AP: Yeah, absolutely. I loved working with Theo Rossi. John and I left no stone unturned when we were in the casting process—we wanted to find the perfect Youcef. And he had all the elements. He had the personal history where he could understand a character like this. But he also is a sympathetic and emotional, empathic guy.

It was clear to me early on that we had similar approach to acting. We got to rehearse a little bit, which is really rare when you’re shooting independent films, but John was very set on rehearsals. In those first meetings, we bonded really fast because we were both down to play. And I think there were no egos involved. We just played with each other; respected and admired each other. And I think we saw ourselves in each other. We found a commonality of pain. That really helped the chemistry. When you’re shooting a movie with such a low budget, you bond because of the [restrictive] circumstances of a tough shoot. The outcome’s always better [when] you stick together. You can feel it on screen when two people get along.

AVC: What was it like shooting this movie in a massive, unpredictable city like Los Angeles considering the tight budget you’ve mentioned? Especially because it’s a high-stakes, constantly on-the-move story that involves a lot of driving and fluidity.

AP: Shooting this movie in Los Angeles was very important first of all, because L.A. plays a character in the film. But not the L.A. that is typically seen like the hipster Silver Lake version or the Hollywood version. [It’s] more the seedy underground criminal world version of Los Angeles. The downtown L.A. Los Angeles. We wanted to feel the grit and movement of that world.

But it did provide a lot of challenges because we couldn’t lock down streets. We didn’t have the money to set ourselves up in a comfortable way, so we did it any way we could, which is really in the spirit of the movie anyway. It felt like we were pulling off a heist every time we moved to a different location. I was really driving in those scenes, driving fast down the 10. Everything felt very real. We decided to shoot the movie in a way that allowed flexibility so that we could deal with the challenges that came. And we had angry neighbors. We had people literally knocking down my trailer door saying, “Get out of my neighborhood. You guys are making too much noise.” And we’re like, “Listen, we’re just doing the best we can. We’re just trying to make a movie.” And so we had to deal with the elements and the communities that we were shooting in. And we used that energy [on the] screen. You can feel how alive it is. We were really out on the streets shooting in almost a documentary style in some ways.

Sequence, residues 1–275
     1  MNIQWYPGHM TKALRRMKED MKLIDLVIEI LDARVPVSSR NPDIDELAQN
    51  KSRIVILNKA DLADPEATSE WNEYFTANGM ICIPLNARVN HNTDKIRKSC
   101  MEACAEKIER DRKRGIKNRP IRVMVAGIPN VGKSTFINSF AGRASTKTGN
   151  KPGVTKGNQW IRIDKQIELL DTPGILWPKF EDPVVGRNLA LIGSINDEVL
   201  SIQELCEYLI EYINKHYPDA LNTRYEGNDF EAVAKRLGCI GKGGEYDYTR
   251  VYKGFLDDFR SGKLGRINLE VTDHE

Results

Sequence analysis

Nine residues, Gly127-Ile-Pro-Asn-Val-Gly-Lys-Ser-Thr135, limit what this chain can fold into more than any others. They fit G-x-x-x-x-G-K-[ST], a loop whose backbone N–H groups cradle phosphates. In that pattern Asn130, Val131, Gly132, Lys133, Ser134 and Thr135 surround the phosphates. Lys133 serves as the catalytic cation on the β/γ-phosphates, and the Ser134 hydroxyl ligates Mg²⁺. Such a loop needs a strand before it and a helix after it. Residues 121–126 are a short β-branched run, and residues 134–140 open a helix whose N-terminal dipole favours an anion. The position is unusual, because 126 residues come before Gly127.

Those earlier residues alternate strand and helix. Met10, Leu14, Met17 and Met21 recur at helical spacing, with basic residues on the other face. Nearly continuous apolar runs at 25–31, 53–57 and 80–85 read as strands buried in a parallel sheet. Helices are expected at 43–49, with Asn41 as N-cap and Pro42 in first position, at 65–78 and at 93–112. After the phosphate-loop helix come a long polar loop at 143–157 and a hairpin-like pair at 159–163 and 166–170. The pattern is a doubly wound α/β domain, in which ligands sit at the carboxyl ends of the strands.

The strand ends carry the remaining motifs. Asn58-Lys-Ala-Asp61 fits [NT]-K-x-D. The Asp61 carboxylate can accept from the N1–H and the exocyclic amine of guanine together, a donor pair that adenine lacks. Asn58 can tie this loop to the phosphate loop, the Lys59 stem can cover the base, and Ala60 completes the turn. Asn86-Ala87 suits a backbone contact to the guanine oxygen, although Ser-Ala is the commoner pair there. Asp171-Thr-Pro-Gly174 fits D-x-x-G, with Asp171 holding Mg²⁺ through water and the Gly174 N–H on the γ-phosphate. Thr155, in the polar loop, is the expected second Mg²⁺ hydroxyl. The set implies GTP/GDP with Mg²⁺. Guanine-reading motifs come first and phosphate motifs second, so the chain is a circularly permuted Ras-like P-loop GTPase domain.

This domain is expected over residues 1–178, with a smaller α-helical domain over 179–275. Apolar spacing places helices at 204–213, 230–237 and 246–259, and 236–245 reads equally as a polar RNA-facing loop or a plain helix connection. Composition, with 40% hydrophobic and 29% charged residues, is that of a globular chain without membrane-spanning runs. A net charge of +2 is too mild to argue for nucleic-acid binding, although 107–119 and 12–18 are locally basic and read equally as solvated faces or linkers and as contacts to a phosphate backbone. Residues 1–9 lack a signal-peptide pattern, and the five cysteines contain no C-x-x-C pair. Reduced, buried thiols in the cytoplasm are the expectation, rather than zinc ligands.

AVC: I’m wondering if you guys looked at any iconic or favorite L.A. movies, old or new, for inspiration.

AP: The movie to me has a throwback vibe to it. We really loved movies of the ’70s and ’80s. That’s a better question for John, but he had a lot of references, from The Beat That My Heart Skipped to Godard.

AVC: Emily is both a physically and emotionally demanding role. Was there a particular scene that maybe took more out of you than the rest?

AP: Yeah. There’s a scene in the movie where I am assaulted. I mean, I’m assaulted many times in the movie but one of those scenes was with an actor named Craig Stark. It’s a robbery scene where he’s buying something from me, but then he turns on me and enters my apartment and takes me down. And the first take that we did of that scene, I was so terrified by him because he’s such a brilliant actor. I realized, “Oh, this is going to be really tough for me because it’s going to feel real.” And not only was it physically challenging because I’m being shoved to the ground and threatened with a knife and everything, but it was also psychologically challenging because he was just so good that it scared the shit out of me every time. It’s your worst nightmare to be followed back to your apartment by a big guy that takes you down. And because he was so believable, it took me a while to shake that day off. That was a long night for me.

AVC: I love where the film leaves us. Without giving away spoilers, it feels like a new beginning for Emily and the start of a brand new movie. Have you and John had any conversations about that?

AP: There were definitely discussions about the ending. Do we end it like this? But you’re right, it does feel like a beginning and those are the best endings. That’s what gives the audience hope, that the story continues on. It’s not just wrapped up neatly in a bow. But will that lead into a new film? That’s a really good question, but I don’t know. It’s rare that a tiny movie like this would get a sequel, but [it’s] not unheard of. And I mean, I’ll take it if that’s where it goes. I would do it in a heartbeat. Everybody really weirdly fell in love with Emily and will continue to do so that I wouldn’t be opposed to seeing where the story goes. I’m along for the ride. I don’t think we’re done with Emily. I don’t think so at all.

Source: The A.V. Club